The new exploitation

I recently read Steven Mintz’s book, Huck’s Raft: A History of American Childhood. In this excellent and lengthy exposition of how American’s have understood childhood throughout the past 400 years, we learn about some of ways that children have been exploited in the past—through slavery, child labour, and child soldiers. We might think that our children today are kept safe from harmful exploitation. But, ever so subtly, a new and powerful form of child exploitation has crept upon our young: marketing.

Children are one of the most powerful market—and advertisers know this. In fact, they constitute four markets in one. They spend their own money, they spend their parents’ money, they have “please power” by asking their parents for things, and unbeknownst to them, many parents are targeted by marketers and told that good parents purchase their products. One child, four markets. It is no wonder that sugary cereals, toys, video games, movies, and clothes are marketed directly to children.

Without our assistance, however, children can remain completely unaware of the ways in which advertisers target them. It is our responsibility to help our children learn about the power of advertising. We can explain some of the ways in which commercials might “bend the truth” or make toys seems more fun than they are. And when we do this, we are building marketing-savvy children. We are letting them know that we care about them too much to let some advertisers take advantage of them.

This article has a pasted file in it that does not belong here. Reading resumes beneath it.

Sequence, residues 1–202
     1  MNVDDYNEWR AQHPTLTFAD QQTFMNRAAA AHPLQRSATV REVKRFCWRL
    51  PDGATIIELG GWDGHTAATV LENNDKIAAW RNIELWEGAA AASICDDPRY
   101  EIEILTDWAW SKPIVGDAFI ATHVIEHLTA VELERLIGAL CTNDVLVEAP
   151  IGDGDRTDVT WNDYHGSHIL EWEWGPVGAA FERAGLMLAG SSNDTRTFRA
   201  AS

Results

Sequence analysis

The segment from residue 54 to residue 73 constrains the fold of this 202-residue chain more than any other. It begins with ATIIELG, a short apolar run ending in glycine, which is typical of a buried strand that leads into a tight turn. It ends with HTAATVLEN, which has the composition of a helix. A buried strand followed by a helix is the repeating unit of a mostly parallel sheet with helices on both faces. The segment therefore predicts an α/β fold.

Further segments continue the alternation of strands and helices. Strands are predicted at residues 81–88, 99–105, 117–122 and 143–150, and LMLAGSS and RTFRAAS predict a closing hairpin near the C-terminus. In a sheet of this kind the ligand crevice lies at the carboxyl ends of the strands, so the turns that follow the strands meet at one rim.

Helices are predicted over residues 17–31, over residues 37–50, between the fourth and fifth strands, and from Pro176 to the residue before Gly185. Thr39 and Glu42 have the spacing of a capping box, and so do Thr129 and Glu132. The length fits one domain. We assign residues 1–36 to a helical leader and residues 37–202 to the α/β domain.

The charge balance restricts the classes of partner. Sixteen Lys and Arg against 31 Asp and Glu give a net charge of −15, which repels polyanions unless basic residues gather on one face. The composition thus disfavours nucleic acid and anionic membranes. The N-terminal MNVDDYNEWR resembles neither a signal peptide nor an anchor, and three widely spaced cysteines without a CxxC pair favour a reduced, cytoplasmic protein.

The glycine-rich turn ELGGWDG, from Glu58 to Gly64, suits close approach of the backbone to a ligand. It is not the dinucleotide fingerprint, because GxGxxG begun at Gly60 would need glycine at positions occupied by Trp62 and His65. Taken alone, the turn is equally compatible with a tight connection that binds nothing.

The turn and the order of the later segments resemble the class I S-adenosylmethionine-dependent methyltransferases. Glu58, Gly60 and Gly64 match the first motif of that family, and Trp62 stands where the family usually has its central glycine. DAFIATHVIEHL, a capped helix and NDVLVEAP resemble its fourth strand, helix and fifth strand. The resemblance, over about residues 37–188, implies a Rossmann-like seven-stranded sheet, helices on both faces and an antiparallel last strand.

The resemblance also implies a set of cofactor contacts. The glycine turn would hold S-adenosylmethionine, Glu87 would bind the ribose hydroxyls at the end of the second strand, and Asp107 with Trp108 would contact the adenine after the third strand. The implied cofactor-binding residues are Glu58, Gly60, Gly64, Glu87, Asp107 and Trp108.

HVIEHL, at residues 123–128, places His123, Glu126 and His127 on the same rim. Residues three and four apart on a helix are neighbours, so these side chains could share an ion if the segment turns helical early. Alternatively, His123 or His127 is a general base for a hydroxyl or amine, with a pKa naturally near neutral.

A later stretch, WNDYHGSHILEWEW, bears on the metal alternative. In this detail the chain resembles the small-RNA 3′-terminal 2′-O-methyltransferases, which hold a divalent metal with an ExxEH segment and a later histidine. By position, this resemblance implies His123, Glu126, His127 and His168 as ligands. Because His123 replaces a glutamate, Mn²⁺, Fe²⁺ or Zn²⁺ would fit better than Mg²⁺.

An good (but a bit dated) resource for helping raise market-savvy children is “Buy Me That” and “Buy Me That, Too.” These videos are made for children and help to expose the ways that TV commercials trick us into thinking their products are better than they really are. While they might be stuck in the ’90s, the movies can be effective tools for educating our children about the power and deceit of advertising.

And don’t forget how powerful simple living can be. Why don’t we teach by example by being content with what we have and by not basing our life on the acquisition of stuff. After all, the U.S. is 5% of the world’s population, but uses 30% of its resources. To paraphrase an old cliché, living simply allows others (and ourselves) to simply live.

Whatever we do, let’s make sure that we don’t fool ourselves into thinking that our children are no longer in danger of being exploited. Marketing is a powerful and formative tool. Let’s combat the narcissism, materialism, and consumerism of today by raising children who are educated about advertising.

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